Well, “profit” is a strong word. Maybe “not losing money” would be a better description. Perhaps even “not screwing over readers.”
I back up my personal stuff with a combination of snapshots, tarballs, rsync, and sneakernet. This is fine for my email and my personal web site. Chances are, if all four of my backup . . . → Read More: Installing and Using Tarsnap for Fun and Profit
My employer’s mail server runs DirectAdmin on FreeBSD, with ZFS. The mail server is important to the company. We want to be able to restore it quickly and easily. While we back it up regularly, having a “known good” base system with all the software installed, where we can restore the mail spools and account . . . → Read More: Cloning a FreeBSD/ZFS Machine with ‘zfs send’
I need to add drives to one of my FreeNAS 8.3.1 boxes. This machine has an “Intel RAID” card in it. I don’t want to use the Intel RAID, I want just a bunch of disks that I can plop a mirror on top of. The BIOS utility doesn’t give me the “just a bunch . . . → Read More: mfiutil on FreeBSD
A couple weeks ago, I monopolized the freebsd-hackers mailing list by asking a couple simple, innocent questions about managing disks using gpart(8) instead of the classic fdisk(8) and disklabel(8). This is my attempt to rationalize and summarize a small cup of the flood of information I received.
The FreeBSD kernel understands several different disk partitioning . . . → Read More: FreeBSD Disk Partitioning
I’m writing about FreeBSD disk and storage management. (The folks on my mailing list already knew this.) For the last few months, I’ve been trying to assimilate and internalize GEOM.
I’ve always used GEOM in a pretty straightforward: decide what I want to achieve, read a couple man pages, find an archived discussion where someone . . . → Read More: next book(s): FreeBSD storage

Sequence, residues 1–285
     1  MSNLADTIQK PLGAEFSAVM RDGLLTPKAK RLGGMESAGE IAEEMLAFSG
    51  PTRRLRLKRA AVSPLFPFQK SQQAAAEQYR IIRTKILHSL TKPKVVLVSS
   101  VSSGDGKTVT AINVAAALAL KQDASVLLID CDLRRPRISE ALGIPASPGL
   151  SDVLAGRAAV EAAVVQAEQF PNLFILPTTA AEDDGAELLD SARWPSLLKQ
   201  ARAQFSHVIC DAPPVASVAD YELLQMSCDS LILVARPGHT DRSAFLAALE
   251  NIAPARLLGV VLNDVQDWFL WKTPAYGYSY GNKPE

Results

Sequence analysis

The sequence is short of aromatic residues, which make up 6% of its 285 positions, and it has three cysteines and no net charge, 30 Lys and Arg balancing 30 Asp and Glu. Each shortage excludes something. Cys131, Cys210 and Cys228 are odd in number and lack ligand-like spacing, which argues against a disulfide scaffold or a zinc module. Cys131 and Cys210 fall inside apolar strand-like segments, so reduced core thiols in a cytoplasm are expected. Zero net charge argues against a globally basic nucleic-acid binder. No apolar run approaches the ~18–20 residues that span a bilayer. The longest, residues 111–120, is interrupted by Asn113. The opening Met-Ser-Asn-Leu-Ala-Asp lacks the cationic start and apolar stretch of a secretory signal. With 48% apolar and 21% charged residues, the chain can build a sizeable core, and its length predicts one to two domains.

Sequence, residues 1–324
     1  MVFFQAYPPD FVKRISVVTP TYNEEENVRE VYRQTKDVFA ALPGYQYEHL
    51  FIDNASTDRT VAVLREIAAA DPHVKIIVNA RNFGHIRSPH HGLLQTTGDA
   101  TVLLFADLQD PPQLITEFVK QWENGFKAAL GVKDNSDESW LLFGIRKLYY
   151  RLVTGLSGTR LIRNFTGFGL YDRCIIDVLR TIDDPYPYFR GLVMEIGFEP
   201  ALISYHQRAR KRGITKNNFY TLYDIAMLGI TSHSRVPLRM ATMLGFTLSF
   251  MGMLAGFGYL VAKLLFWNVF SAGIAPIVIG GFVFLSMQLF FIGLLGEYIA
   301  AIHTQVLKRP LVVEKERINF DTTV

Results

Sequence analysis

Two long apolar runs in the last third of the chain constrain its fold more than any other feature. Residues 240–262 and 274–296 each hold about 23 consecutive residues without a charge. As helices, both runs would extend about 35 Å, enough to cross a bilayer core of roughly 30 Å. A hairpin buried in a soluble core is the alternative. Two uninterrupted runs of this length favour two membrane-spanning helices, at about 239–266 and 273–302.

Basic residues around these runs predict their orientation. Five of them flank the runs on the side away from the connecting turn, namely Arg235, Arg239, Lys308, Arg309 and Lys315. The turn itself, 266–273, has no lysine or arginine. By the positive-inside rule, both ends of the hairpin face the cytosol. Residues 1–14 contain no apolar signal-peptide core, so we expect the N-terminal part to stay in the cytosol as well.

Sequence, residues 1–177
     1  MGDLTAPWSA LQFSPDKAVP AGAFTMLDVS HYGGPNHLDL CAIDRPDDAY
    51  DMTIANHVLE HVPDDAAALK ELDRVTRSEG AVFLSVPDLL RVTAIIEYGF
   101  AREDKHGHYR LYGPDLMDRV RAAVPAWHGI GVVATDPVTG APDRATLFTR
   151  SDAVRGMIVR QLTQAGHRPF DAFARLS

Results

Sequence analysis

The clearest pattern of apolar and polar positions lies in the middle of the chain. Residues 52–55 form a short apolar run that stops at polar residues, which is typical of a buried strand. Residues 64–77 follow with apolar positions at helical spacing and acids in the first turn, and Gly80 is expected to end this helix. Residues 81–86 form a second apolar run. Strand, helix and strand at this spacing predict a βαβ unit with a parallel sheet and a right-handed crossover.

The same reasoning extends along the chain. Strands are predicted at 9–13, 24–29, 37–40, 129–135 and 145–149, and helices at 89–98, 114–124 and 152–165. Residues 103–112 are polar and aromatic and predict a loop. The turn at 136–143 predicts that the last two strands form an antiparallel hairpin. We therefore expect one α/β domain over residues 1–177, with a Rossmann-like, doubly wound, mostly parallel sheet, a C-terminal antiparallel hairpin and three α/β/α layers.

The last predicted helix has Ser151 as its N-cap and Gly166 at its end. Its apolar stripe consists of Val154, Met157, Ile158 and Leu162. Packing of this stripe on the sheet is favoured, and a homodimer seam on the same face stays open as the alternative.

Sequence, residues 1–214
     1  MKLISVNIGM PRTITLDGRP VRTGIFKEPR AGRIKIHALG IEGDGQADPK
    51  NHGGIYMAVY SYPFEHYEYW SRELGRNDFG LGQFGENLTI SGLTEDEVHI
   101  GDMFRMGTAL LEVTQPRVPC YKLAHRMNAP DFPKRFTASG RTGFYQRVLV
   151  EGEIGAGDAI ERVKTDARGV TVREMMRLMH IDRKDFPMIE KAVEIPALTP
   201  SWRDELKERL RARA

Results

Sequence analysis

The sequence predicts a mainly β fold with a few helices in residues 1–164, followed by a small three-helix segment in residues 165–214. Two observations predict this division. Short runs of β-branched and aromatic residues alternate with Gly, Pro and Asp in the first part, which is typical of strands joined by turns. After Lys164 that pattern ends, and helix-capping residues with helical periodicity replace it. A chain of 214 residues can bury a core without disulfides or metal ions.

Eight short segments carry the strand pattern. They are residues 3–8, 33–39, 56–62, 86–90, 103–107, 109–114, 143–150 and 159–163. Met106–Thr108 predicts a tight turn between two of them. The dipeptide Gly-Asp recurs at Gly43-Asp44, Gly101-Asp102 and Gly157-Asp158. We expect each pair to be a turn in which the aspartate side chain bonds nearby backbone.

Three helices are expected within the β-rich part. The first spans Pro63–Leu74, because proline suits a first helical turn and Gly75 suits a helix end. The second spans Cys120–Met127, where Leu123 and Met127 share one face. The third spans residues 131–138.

I didn’t see any public notes on this, so I decided to post it:
Google’s Compute Engine SDK installs and runs just fine on OpenBSD. Exactly as per the documentation. Which is what I’d expect, but it’s nice to confirm it.
Have a good weekend!
My Ansible host is OpenBSD. Because if I’m going to have a host that can manage my network, it needs to be ridiculously secure. The OpenBSD host runs on KVM (through the SolusVM virtualization management system).
During heavy data transfers, the network card would occasionally stop passing traffic. I could run any Ansible command without . . . → Read More: virtio NIC on OpenBSD 5.5-current
On Tuesday 27 May 2014, at 1pm EDT, I’ll be doing a live webcast on the O’Reilly community site.
The topic is “Beyond Security: Getting to Know OpenBSD’s Real Purpose.”
Anyone who has seen my mug.org talk already has an idea what angle I’ll take. Some of the slides will differ, and I’ll have some . . . → Read More: Live webcast on O’Reilly
Thanks to various airline problems, we had an open spot on the BSDCan schedule. Bob Beck filled in at the last moment with a talk on the first thirty days of LibreSSL. Here are some rough notes on Bob’s talk (slides now available).
LibreSSL forked from OpenSSL 1.0.1g.
Why did “we” let OpenSSL happen? Nobody . . . → Read More: LibreSSL at BSDCan
Karl Lehenbauer, CTO of FlightAware, is giving an excellent BSDCan keynote: a retrospective of his BSD experience. As part of the mass of flight troubles plaguing North America this week, his flight to Ottawa was cancelled. He landed in Toronto at midnight last night.
I wouldn’t have blamed him for canceling the keynote.
Instead, he . . . → Read More: BSDCan keynote